'Dangerous' storms roll through Victoria
A Melbourne home has caught fire by lightning and Mildura battered by record rains in storms set to continue into the weekend.
The Bureau of Meteorology issued a red warning for "very dangerous" thunderstorms, heavy rain and flash flooding across much of Melbourne and the southern Macedon Ranges on Thursday morning.
The storms left 2800 people without electricity on the Powercor network in the state's west, and also flooded major roads and brought down traffic lights in central Melbourne.
A lightning strike set a Bundoora home set alight just after 8am.
Firefighters arrived to find the house ablaze, with the fire threatening to spread to a neighbour's home.
Three people were evacuated from the property, on Betula Avenue, and were treated by paramedics before being taken to hospital.
Meanwhile, the storms brought record rains to Mildura in the state's north, which had its highest ever daily rainfall for January with 80.2mm falling in 24 hours to 9am.
The storms brought flash flooding too, with 126 calls for help to the State Emergency Service in Mildura.
"Mildura had a pretty rough night, in terms of flooding and storm damage," Premier Daniel Andrews said on Thursday.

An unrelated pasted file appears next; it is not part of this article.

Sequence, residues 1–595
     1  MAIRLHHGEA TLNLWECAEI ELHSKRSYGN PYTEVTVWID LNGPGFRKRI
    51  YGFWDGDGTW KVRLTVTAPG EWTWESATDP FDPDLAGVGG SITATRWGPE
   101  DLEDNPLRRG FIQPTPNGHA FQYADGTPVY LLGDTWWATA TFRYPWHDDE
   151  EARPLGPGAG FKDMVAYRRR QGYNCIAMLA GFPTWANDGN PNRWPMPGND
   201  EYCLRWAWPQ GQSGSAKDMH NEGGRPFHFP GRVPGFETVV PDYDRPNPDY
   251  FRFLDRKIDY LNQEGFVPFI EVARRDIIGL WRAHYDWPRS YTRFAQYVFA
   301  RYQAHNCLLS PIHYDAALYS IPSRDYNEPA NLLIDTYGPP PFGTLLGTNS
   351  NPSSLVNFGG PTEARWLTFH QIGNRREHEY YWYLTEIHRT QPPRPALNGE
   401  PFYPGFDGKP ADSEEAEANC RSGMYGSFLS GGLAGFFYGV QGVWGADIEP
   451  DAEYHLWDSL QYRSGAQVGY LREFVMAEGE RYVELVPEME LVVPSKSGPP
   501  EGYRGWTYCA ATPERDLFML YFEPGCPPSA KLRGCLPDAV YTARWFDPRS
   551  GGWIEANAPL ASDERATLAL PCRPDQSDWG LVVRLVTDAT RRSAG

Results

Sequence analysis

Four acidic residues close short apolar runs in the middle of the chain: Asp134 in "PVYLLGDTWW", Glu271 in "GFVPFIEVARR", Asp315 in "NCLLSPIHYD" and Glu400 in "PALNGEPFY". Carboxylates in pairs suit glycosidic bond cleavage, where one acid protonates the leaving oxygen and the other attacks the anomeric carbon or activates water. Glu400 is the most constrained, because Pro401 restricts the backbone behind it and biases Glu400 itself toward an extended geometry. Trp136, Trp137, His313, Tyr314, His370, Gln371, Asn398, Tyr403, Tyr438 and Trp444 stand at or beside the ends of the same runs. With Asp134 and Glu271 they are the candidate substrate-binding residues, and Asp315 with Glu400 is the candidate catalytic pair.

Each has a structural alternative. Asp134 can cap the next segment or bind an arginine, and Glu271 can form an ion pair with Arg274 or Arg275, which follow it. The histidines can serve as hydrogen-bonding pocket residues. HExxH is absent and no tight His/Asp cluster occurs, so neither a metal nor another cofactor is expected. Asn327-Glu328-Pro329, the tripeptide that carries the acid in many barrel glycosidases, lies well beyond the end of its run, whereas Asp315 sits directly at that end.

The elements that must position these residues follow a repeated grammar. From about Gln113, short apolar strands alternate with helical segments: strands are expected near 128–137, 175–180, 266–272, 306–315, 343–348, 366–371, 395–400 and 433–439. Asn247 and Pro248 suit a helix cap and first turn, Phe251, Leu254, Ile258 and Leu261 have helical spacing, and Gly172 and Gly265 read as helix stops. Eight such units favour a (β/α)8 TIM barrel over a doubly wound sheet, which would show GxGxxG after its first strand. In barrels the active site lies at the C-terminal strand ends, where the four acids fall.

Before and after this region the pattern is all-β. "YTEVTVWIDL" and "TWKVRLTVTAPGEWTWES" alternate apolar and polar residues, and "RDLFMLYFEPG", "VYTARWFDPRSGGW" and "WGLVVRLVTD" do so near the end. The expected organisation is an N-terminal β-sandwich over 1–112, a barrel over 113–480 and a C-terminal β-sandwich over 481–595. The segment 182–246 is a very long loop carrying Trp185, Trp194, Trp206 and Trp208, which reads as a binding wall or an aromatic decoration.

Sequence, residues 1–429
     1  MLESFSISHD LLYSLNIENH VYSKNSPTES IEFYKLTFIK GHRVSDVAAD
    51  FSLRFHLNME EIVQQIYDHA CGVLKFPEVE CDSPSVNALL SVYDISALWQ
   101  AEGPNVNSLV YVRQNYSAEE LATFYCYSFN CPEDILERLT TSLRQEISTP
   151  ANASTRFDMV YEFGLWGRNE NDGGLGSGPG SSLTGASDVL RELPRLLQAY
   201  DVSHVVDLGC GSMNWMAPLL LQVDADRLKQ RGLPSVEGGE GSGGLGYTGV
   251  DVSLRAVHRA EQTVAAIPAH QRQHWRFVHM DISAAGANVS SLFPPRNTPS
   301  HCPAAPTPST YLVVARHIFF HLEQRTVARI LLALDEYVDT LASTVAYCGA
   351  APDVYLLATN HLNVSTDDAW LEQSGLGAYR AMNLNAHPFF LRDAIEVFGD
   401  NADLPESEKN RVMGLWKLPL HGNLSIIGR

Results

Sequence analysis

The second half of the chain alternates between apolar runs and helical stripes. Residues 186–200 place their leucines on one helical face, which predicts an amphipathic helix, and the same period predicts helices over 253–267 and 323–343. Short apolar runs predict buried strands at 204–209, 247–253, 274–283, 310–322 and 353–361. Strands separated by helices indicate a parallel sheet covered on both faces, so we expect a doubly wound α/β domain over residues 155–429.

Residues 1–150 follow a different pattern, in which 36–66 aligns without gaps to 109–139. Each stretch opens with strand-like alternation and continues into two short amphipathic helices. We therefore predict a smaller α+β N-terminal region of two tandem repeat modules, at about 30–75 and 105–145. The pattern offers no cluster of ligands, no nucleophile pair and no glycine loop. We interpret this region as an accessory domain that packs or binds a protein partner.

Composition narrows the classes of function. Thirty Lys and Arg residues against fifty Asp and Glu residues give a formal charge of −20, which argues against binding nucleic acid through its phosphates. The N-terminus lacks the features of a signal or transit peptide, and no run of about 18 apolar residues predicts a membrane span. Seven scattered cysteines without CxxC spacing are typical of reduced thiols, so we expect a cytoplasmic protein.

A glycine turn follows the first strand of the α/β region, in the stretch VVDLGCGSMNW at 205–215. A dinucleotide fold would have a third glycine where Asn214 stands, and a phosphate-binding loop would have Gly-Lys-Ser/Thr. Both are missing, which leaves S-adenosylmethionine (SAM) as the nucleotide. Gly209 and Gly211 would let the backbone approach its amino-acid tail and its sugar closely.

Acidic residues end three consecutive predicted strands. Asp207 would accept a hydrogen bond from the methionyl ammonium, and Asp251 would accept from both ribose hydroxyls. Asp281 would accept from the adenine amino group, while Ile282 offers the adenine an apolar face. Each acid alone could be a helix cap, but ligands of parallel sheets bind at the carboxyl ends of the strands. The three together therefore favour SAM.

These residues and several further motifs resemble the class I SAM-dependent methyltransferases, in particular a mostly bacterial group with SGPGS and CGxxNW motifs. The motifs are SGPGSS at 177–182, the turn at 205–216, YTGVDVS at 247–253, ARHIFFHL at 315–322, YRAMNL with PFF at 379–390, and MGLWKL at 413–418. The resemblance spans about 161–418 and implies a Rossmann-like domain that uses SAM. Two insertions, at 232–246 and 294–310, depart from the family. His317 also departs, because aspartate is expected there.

Other areas also had dumps of rain, with 75mm at Kyneton northwest of Melbourne and 42mm at Arthurs Creek in 24 hours.
Malmsbury Headwall recorded 56.2mm of rain in an hour, while Trentham Reservoir recorded 38.6mm in the early hours of Thursday.
The storms and humidity are being caused by the remnants of ex-tropical cyclone Tiffany which formed off the Kimberley coast earlier this week.
Meteorologist Christopher Arvier from the weather bureau has warned there's more to come, with the storms predicted to redevelop later on Thursday and last into the weekend.
"We are expecting the storms to redevelop this afternoon, particularly in the western half of Victoria, bringing the risk of severe thunderstorms leading to flash flooding, and there will also be the risk of damaging wind gusts and large hail," he said.
He said the western suburbs of Melbourne would see the brunt of the next round of storms, but they would shift further east into Friday.
The Department of Transport is warning drivers and public transport passengers to "be vigilant" as weather conditions could change quickly.
Drivers are asked to leave extra space between them and the car in front, to use headlights, and pull over if the rain becomes too heavy.